Sure it’s a monopoly. But is Microsoft a pyramid scheme, too?
From Jonathan: “What do you think about the article that appeared on the cover of the Financial Times recently that claimed that if the value stock option granted to employees were accounted for as an expense, then some high-flyers, like Microsoft, would have shown a net loss in 1996? Is Microsoft some kind of big pyramid scheme where the company maintains itself by paying its talented engineers in stock options (thereby diluting all the other shareholders)? The scheme works as long as the share price goes up, but as soon as people think it’s leveling off, the price could collapse.
“Full disclosure: in 1990 I was offered the option to acquire 2,300 shares (pre-splits) of Microsoft at the then present price. This was part of a job offer. I refused, because I was suspicious. When I interviewed at Microsoft with about six people during one day, they each pointed out that as a Microsoft employee, you get FREE soft drinks on the job — all the Cokes that you want. There was a big spray-painted banner hanging in the lobby, ‘Ship or Die.’ And there were no women working there, except for the recruiters, who were all exceptionally cute. Lastly, a young Microsoft engineer, responsible for the Macintosh version of Excel, took me to dinner at the only fancy Jewish restaurant in Seattle. I am Jewish, as anyone can tell from my last name, but I never said anything about it. Everything seemed so perfectly orchestrated. The hairs stood up on the back of my neck, and I bolted.”
A.T.: What do I think? The first thing I think, not surprisingly, is that this decision cost Jonathan $48 billion or something. Poor guy! It ranks right up there with my never having bought Berkshire Hathaway.
What I further think is that there’s definitely something to this. On the one hand, Microsoft is no pyramid scheme: It sells products the world clearly demands. (In a pyramid scheme, the big money isn’t made selling products but rather in selling the “right” to sell those products, and getting eight or ten people under you to sell eight or ten people under them the right to sell eight or ten people under them … like a chain letter.) Yet at some point, the cost of labor at MSFT is likely to rise, and the more exciting entrepreneurial opportunities will be at smaller firms. Today’s 18-hour-a-day men and women will take their $15 million and open pottery shops by the sea. Tomorrow’s talent will be harder to acquire and motivate. They may have to be paid with actual money rather than the prospect of stock options that climb to the moon. Paying with more competitive salaries will cause a drag on earnings which will cause a drag on the stock which will make stock-option compensation all the less a substitute for competitive wages. And some folks may decide it’s enough to work 12 hours a day, and others may decide they should take their talents to smaller enterprises or start their own.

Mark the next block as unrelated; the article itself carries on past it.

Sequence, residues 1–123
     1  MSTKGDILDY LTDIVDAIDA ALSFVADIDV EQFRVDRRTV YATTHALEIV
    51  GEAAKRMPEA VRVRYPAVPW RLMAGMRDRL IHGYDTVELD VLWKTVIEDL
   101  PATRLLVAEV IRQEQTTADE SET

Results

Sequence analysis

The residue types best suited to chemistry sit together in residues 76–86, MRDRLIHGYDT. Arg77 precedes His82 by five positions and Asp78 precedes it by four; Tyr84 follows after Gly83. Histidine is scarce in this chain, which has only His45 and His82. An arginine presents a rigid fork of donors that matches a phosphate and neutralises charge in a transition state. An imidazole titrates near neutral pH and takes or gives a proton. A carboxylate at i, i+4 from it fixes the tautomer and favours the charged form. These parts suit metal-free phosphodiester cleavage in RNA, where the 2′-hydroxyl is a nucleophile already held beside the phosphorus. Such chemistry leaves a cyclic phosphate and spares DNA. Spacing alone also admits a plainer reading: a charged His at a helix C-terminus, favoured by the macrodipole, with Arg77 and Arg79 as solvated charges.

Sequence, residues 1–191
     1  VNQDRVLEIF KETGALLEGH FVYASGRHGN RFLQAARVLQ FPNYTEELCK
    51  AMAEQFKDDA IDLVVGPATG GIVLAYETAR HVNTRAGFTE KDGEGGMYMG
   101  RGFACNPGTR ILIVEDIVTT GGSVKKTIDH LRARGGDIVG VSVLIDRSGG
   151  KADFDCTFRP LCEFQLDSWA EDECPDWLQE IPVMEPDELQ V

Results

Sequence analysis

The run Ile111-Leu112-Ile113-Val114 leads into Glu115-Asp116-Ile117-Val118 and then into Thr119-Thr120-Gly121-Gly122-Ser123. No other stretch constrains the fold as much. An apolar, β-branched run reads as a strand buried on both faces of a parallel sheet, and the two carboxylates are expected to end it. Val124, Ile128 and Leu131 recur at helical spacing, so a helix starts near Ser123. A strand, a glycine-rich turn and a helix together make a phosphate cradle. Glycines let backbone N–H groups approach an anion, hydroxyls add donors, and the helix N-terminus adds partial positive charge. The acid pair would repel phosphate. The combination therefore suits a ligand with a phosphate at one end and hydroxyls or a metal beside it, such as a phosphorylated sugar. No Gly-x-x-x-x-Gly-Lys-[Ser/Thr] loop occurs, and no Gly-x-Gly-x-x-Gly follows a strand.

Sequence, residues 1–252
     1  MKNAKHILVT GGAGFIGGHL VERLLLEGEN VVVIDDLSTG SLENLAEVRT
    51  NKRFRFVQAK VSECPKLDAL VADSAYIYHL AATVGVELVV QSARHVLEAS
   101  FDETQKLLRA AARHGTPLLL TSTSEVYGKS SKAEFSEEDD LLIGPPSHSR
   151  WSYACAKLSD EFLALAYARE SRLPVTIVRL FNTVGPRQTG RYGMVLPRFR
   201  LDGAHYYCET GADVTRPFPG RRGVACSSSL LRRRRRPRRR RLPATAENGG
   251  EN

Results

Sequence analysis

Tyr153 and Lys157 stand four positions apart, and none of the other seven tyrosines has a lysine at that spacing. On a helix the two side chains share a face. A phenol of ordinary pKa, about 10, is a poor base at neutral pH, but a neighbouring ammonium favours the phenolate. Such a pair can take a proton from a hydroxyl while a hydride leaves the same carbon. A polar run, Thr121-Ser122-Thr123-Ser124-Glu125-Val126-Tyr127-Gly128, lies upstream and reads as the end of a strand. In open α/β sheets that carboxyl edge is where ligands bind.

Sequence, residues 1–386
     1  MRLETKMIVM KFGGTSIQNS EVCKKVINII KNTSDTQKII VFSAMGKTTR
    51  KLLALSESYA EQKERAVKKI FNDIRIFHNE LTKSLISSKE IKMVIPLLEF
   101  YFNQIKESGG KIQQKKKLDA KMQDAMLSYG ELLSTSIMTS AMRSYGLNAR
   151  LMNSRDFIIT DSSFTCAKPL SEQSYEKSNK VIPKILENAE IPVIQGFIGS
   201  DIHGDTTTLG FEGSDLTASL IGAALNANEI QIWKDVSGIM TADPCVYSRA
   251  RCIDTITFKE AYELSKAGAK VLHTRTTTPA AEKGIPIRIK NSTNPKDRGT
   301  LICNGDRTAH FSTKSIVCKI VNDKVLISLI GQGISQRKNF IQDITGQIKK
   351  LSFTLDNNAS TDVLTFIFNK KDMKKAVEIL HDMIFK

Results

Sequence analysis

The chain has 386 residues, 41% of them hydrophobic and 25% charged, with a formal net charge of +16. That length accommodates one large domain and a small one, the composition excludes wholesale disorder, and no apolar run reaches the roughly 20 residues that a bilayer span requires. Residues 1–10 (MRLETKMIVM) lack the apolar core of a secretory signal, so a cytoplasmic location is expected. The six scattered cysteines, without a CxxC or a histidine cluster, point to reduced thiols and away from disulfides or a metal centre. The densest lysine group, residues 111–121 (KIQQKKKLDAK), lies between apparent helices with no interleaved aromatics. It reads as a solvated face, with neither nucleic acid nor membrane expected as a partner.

But none of this may happen for quite a while, because Microsoft is such a powerhouse company, with lots of potential still to grow.
And this is true of lots of today’s high-tech companies.
And it’s not just employees who are being paid with the prospect of future stock price gains — it’s investors. Forget dividends. Forget big salaries. So long as the stock keeps rising, investors and employees will be happy.
And basically, it’s great: People in the high-tech world are working like crazy (and making fantastic technological progress), both because of the excitement of what they’re doing and because of those stock options … investors are shoveling in all the needed capital and demanding not a dime in return. The cost of labor and capital are both low.
Someday, employees and investors will want cash. That could well lead to a vicious cycle that disappoints a lot of employees and shareholders. But in the meantime, we’re remaking the world.